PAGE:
As for Odyssey, who could ever forget the spectacular scene when one among the fighting man-apes threw a large bone (weapon) up into the sky, which then transmuted into a future artificial satellite? With that scene, a glimpse into the marvelous evolution and accomplishments of the human species was depicted to a lofty pinnacle of expression. Kubrick’s cinematography of 2001: A Space Odyssey elevated the film into a unique standard by which all science fiction films are measured. The appendix to this thought cannot be more direct: when the force propelling a film defines its trajectory by embracing the evolving purpose of humanity, the outcome would be another chapter celebrating life and the riches it offers. Do socio-humanistic and progressive cultural values propel so-called science fiction movies (e.g., Star Wars, Battlestar Galactica, Armageddon, Aliens, etc.)? That is, do they fit the evolving purpose of humanity? Does our “revered” Star Trek fit the purpose of humanity?

The answer to the first question is a resounding no. Films such as these are essentially void of intrinsic values that could promote equality, peace, and social progress. When films concentrate on special effects as substitutes for the story itself, on glorifying wars in space, on creating conflicts with imaginary space nations, on extreme violence, and on simplistic story-lines, they cannot possibly be ascribed to having any valuable purpose except unspecified excitement. To answer the question whether Star Trek fits that same purpose, we need to examine the situation with unbiased feelings and approach. This is understandable: despite our unapologetic, strong affection, the answer is no.

Earlier, I stated that Roddenberry imbued Star Trek: The Original Series with problematic plots that one may interpret as glorifying American colonialism, imperialism, militarism, and even violence as a means to resolve problems. Is there any truth to this assertion? Were these plots a conscious effort to tell a story as a means to re-write history, justify events, or maybe to perpetuate certain ideologies and social philosophies? Could it be that plots’ development was no more than “innocent” expedients meant only to excite, hence people should accept them at face value? Either way, we should never stand for unclear agendas—doing otherwise means that our intent to examine Star Trek has failed.

Was Star Trek: The Next Generation any different from The Original Series? Yes. Keep in mind that 19 years separate the two, which is a long period where daring technical innovations had taken place. Second, with an excellent team of producers, executive producers, directors and writers such as Rick Berman (who later became the head of the franchise), Michael Piller, Brannon Braga, and Ronald D. Moore, the franchise flew to a higher level of quality. (Roddenberry was also a consultant to the new series for some time). Most important, ST: TNG was superior vis-à-vis the original in a very specific way. It induced the demanding viewers not only to interact with the plot, think about variables, and investigate contradictions, but also to react on plot development and conclusion. The following are a few observations with focus on certain episodes from both series.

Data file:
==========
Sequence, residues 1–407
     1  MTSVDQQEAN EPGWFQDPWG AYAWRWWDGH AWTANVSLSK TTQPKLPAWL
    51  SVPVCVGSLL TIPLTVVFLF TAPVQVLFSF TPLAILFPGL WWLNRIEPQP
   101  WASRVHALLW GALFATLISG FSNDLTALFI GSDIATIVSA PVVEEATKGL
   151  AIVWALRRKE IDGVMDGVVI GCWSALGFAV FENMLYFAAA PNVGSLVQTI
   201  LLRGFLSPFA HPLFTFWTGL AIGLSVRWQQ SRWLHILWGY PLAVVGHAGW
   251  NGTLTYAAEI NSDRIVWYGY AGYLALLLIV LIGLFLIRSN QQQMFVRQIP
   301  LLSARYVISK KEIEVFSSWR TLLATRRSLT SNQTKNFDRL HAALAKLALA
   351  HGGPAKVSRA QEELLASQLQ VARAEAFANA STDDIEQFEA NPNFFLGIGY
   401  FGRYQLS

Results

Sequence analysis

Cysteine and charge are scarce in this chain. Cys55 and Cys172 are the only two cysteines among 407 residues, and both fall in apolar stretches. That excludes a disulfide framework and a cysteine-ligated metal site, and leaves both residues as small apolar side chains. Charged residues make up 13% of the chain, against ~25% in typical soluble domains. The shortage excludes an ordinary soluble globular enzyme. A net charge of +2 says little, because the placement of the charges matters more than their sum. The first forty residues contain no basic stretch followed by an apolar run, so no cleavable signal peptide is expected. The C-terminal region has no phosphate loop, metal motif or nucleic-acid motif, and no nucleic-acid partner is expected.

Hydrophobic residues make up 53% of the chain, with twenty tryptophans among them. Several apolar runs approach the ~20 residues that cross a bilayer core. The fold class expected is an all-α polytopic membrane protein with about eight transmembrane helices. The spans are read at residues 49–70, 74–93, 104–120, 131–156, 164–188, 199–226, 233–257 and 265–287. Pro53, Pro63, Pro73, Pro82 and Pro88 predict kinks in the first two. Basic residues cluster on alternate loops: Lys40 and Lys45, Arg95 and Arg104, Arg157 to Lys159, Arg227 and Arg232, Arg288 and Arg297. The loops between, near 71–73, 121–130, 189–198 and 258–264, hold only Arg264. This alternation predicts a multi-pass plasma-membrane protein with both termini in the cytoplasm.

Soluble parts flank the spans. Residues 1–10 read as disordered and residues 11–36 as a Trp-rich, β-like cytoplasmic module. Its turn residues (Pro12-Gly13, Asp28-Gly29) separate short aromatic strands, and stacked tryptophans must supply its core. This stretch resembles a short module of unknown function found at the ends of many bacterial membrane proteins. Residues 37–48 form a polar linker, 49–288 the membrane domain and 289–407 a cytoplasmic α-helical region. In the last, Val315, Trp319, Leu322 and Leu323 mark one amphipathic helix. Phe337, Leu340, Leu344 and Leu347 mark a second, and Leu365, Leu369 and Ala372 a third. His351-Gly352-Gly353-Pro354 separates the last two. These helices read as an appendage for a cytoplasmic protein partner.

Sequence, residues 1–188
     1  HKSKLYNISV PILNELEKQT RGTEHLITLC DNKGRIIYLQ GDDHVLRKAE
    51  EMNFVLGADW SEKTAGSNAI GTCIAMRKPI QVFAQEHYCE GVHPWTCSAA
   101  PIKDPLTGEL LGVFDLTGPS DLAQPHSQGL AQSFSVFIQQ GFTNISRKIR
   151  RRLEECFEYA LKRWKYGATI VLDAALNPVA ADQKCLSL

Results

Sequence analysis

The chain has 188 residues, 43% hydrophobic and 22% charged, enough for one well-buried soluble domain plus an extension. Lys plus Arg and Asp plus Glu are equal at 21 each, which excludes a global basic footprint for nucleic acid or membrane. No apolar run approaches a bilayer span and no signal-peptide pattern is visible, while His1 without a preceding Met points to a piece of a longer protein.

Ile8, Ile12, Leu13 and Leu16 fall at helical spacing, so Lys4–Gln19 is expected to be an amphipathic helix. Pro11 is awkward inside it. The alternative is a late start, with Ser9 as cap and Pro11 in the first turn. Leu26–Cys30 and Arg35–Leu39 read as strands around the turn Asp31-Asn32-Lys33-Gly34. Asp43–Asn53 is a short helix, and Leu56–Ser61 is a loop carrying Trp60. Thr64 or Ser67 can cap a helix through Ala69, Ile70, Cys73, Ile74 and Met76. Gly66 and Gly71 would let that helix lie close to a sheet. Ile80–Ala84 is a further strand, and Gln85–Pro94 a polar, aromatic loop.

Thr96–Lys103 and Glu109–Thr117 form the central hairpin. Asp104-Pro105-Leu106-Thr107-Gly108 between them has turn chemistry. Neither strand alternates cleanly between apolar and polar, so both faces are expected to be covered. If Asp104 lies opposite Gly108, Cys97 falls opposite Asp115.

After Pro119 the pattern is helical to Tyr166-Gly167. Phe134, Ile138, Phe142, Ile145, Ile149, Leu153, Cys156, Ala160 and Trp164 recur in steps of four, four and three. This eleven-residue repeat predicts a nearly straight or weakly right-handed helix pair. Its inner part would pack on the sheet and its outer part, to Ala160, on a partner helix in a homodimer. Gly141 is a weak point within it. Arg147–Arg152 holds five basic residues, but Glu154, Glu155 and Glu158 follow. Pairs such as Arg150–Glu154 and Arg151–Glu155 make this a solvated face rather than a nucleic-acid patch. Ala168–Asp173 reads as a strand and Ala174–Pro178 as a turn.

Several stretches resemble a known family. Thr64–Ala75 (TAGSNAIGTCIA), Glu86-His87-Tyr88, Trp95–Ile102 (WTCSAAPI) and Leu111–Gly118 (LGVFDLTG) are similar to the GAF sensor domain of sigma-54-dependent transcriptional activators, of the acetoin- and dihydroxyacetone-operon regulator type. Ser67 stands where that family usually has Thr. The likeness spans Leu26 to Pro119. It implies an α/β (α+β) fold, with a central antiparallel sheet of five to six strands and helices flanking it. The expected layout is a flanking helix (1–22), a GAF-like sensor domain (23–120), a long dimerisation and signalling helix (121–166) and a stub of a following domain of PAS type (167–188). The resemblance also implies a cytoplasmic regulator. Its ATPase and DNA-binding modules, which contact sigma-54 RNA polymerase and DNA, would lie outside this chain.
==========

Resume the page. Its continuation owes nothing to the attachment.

“Where no man has gone before,” announces captain Kirk. Is that an indirect tribute to so-called American exceptionalism? You bet. With the exception of Spock, Chekov, Sulu, and Uhura, most other recognizable crew members appear to be and are Americans. The mission is American; the Starfleet command is in San Francisco, the computer and medical sciences aboard the ship are American, and many of the stories are replicas of American stories. To stress the American-ness of ST, when a strange magnetic storm catapults the ship back to the 20th century (episode: “Tomorrow is Yesterday”), it does not end up flying over China, Senegal, or Argentina. It flew over an American base on U.S. soil. In short, “To boldly go where no man has gone before”, was supposedly a “modest” American way to declare the “prowess” of Americans who “dare” to challenge the odds of galactic travel.

Again, “Space, the final frontier,” the solemn voice of Captain James T. Kirk intones. But what was the first frontier? Is there a correlation between the first and the final—why frontier in the first place? Could a word such as destination (or any other appropriate synonym) have been more expressive of the intent?

There is a distinct possibility that Roddenberry did not consider that he was juxtaposing the so-called American frontier, which is the conquest of what is now the United States, with the proposed final conquest of the space and its planets by the same colonialist power. Did he overlook a basic fact about the first American frontier expansions—the near extermination of the Original Peoples? If so, why did he not care to set the record straight? On the subject of recorded history, it is of no use that someone would try to minimize or void the juxtaposition, because in both cases the intent and its linguistic expression (final frontier) denotes a planned conquest of the outer space in emulation of the old conquest of Turtle Island—North American continent.